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Short Term Reproducibility in Apparent Diffusion Coefficient for Diffusion Weighted MRI of the Prostate

M Sadinski

M Sadinski*, M Medved, I Karademir, S Wang, Y Peng, Y Jiang, S Sammet, G Karczmar, A Oto, The University of Chicago, Chicago, IL

TU-G-134-8 Tuesday 4:30PM - 6:00PM Room: 134

In this study we evaluate the short term reproducibility of Diffusion Weighted MR Imaging (DW-MRI) of the prostate by analyzing variation in ADC maps.

14 patients with biopsy proven prostate cancer were evaluated under an IRB-approved protocol. Each patient underwent two, identical DW-MRI scans with the patient remaining on the table and only automatic shimming with tuning and matching between acquisitions. ADC maps were generated using a least squares fit. The prostate and ROIs within cancer lesions were delineated on each scan per patient by two radiologists using the b-0 images and a rigid local registration was performed using multiple radiologist-defined landmarks throughout the prostate on each of the two scans. The absolute and percentage differences in ADC per voxel were calculated. For each patient the prostate was divided into equally spaced sextants and the voxel-based variation in each sextant was compared.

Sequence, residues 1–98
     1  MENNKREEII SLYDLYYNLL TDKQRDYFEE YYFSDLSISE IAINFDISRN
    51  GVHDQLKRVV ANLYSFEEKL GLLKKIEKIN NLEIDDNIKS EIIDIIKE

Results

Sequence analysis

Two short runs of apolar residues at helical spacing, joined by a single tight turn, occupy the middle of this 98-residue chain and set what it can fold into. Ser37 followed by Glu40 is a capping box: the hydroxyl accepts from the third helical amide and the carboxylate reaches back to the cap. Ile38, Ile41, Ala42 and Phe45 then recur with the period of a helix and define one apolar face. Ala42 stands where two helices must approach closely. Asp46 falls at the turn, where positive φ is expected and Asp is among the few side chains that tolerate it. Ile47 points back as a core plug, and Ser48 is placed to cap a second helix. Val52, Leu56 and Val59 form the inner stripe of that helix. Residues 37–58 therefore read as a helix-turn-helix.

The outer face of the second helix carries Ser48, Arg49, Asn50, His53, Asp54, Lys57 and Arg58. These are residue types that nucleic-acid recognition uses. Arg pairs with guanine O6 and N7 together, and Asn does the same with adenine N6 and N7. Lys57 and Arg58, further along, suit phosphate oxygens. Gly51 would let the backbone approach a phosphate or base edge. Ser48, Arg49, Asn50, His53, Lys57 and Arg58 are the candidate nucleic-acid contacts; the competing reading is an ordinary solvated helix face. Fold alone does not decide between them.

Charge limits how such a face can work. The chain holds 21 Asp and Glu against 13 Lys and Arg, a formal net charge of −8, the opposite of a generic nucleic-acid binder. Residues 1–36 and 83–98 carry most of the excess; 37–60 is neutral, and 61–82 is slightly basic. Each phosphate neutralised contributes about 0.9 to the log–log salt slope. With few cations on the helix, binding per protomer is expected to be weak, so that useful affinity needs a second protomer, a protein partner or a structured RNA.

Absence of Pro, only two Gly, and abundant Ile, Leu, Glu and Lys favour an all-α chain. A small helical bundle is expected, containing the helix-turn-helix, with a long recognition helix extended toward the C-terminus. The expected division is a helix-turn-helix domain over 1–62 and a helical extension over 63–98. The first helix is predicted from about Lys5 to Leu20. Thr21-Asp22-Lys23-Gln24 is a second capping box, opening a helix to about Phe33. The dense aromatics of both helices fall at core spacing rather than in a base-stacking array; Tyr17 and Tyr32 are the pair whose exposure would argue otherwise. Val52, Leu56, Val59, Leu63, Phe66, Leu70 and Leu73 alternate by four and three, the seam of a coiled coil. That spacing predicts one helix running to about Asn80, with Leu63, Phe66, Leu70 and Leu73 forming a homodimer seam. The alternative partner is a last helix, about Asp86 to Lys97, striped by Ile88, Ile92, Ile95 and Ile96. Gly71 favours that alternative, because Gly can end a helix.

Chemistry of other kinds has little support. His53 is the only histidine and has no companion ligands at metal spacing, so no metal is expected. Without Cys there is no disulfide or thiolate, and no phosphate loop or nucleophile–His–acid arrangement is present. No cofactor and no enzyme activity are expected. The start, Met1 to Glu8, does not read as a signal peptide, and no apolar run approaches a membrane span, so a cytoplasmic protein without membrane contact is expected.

The absolute difference in ADC per voxel within the prostate ranged from 1.13x10⁻⁹ to 1.91x10⁻³ mm²/sec (mean and standard deviation percentage difference 10.35% ± 10.91%). The largest variation is seen in the posterior apex (mean 11.46%, median 8.02%, standard deviation 11.73%) although we were not able to demonstrate statistical significance in the difference in variation between sextants. Cancer ROIs showed a mean, median and standard deviation in ADC difference of 13.36%, 6.90% and 14.48%, respectively.

DW-MRI has strong potential to become a powerful quantitative imaging biomarker for prostate cancer. It is imperative to know the reproducibility of the imaging method when utilizing DW-MRI in the clinic or developing new approaches for its use. Our data demonstrates that ADC variation within the prostate is modest, on the order of 10%, similar to other abdominal tissues, and the variation appears to be highest in the apex region of the prostate.

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